Growth Monitoring for Healthier Children

A community health worker checks a child’s weight gain during a growth monitoring session in Jawzjan Province.
A community health worker checks a child’s weight gain during a growth monitoring session in Jawzjan Province.
Dr. Zarbadshah Jabarkhail
Communities work together to improve the nutritional status of their children.
13 JUNE 2010 | JAWZJAN PROVINCE, AFGHANISTAN
 
With sadness in her eyes, 16-year-old Fatima cradles her baby boy. Her son is often ill and has remained small compared to other children.  She doesn’t know how to help him. Fatima’s story is all too common in Afghanistan, where more than 50 percent of children are chronically malnourished. Additionally, malnutrition is responsible for approximately 50 percent of child deaths in the country. 
 
Addressing nutrition is difficult in Afghanistan due to high female illiteracy rates and irregular access to health facilities by women. Community health workers (CHWs) can promote better nutritional practices but they struggle to cover all the households in their communities.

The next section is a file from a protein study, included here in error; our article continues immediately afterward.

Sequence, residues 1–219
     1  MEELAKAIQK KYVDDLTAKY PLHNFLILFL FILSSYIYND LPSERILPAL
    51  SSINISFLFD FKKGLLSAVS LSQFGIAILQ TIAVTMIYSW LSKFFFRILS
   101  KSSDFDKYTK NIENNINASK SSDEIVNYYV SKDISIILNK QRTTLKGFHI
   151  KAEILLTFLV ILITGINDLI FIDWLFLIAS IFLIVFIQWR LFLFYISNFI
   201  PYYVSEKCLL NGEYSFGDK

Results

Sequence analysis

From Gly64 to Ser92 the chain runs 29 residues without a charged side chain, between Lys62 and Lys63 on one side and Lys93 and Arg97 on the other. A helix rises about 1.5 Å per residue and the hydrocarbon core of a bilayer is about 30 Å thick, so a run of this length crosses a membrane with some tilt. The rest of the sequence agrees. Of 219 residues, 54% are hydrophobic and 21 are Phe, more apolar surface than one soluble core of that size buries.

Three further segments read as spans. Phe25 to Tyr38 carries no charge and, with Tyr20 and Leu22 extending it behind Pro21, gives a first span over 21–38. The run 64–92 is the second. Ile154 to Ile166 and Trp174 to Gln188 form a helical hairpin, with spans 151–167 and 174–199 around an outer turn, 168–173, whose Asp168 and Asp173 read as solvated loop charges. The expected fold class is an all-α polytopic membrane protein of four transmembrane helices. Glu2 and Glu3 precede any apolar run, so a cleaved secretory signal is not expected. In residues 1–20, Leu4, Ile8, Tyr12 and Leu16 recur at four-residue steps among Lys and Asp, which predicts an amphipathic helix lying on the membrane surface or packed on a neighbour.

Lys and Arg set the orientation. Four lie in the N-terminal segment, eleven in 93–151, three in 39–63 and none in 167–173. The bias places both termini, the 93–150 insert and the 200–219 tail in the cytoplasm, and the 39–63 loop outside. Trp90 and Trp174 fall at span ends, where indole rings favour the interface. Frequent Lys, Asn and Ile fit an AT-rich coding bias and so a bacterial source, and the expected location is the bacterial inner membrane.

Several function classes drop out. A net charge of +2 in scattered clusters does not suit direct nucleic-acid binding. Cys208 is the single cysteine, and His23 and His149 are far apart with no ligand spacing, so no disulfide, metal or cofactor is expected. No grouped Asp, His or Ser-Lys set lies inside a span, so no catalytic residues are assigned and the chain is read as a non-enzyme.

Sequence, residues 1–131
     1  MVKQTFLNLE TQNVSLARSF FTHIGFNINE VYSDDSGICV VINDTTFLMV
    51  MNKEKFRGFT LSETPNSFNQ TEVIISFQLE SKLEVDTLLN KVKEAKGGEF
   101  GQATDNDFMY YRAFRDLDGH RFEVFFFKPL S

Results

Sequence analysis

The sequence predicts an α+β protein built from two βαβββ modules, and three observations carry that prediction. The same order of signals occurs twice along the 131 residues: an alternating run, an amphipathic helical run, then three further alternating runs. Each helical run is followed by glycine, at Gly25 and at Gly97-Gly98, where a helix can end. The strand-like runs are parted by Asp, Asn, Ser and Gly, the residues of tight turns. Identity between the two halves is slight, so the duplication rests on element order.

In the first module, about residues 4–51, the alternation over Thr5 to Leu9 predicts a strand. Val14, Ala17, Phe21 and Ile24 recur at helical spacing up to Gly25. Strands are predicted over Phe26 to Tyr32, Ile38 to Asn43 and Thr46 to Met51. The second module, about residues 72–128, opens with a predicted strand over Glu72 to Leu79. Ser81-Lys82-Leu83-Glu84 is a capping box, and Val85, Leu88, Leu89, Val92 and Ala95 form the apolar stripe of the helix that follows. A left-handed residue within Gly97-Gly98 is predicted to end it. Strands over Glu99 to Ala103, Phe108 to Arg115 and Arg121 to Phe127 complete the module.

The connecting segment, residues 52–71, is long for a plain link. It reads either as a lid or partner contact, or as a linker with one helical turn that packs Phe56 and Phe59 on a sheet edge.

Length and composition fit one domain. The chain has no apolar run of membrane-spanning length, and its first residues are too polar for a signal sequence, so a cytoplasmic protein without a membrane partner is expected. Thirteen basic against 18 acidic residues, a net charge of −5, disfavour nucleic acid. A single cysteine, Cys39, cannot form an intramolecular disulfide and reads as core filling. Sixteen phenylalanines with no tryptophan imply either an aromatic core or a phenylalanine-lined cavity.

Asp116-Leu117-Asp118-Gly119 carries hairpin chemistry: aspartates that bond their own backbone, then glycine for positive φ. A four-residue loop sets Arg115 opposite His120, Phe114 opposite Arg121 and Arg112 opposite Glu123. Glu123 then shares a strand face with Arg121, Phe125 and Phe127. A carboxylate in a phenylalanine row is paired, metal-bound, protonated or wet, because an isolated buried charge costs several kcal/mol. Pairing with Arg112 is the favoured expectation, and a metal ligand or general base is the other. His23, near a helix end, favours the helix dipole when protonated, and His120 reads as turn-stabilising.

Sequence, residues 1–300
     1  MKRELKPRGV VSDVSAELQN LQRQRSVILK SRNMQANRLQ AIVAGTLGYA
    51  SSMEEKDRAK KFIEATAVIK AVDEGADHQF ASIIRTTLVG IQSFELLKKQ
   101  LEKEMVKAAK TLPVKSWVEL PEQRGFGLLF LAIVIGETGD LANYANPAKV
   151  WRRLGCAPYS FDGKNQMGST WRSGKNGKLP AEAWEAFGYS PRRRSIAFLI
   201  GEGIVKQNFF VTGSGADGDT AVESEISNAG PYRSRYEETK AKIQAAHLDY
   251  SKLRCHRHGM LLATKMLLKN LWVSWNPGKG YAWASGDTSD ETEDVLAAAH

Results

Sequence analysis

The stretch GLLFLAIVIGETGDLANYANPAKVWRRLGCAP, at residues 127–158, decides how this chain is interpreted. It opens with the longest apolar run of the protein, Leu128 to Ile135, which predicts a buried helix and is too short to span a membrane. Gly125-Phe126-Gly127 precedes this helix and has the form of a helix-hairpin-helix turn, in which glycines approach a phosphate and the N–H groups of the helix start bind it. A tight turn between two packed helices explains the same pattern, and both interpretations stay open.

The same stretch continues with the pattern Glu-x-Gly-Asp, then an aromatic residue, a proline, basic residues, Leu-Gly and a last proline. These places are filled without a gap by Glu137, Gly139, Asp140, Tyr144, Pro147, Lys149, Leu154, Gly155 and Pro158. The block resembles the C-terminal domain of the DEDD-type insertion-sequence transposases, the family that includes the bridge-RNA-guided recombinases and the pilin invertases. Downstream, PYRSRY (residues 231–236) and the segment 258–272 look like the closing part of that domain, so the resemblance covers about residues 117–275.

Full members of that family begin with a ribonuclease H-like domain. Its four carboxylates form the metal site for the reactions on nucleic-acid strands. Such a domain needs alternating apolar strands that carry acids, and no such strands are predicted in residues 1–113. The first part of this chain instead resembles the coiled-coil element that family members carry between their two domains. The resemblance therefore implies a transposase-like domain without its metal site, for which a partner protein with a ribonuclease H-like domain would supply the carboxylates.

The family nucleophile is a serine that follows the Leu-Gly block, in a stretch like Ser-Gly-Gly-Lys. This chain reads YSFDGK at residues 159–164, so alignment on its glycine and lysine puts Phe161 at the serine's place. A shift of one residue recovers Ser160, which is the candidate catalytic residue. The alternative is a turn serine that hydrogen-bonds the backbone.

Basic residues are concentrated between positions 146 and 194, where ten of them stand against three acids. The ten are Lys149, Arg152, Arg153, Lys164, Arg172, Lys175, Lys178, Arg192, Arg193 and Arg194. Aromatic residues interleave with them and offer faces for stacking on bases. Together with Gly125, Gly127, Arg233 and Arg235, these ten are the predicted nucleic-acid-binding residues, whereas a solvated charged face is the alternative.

USAID’s BASICS (Basic Support for Institutionalizing Child Survival) project has worked with the Afghan Ministry of Public Health to develop a community-based approach to detect malnutrition in children. The approach catches malnutrition early by monitoring children’s monthly growth through family health action groups (FHAGs) made up of 10 to 15 households. 
 
The approach is simple, yet effective. A member of the community FHAG convenes monthly weighing sessions for all children under age two at a central place in the village, with the CHW present. Each child’s weight gain or loss is marked on a simple pictorial chart developed especially for use by illiterate CHWs and mothers. For children with insufficient weight gain, a FHAG member and CHW do an in-depth examination of feeding practices with the mother. After exploring the types of food eaten, the quantities consumed, and the frequency of the feedings, they make an agreement with the mother on how to improve the child’s diet. They also share health messages about vaccination, hand washing, prenatal care, and birth spacing. Any child who has not had a weight gain for two successive months is referred to the nearest health facility. 
 
In the first five districts participating in community-based growth monitoring, more than 80 percent of the children are showing adequate weight gain. Fatima is happy her son is now gaining weight and has been healthier since she started attending the community growth monitoring sessions. This community approach is improving the nutritional status of children across Afghanistan.

Last updated: January 07, 2014

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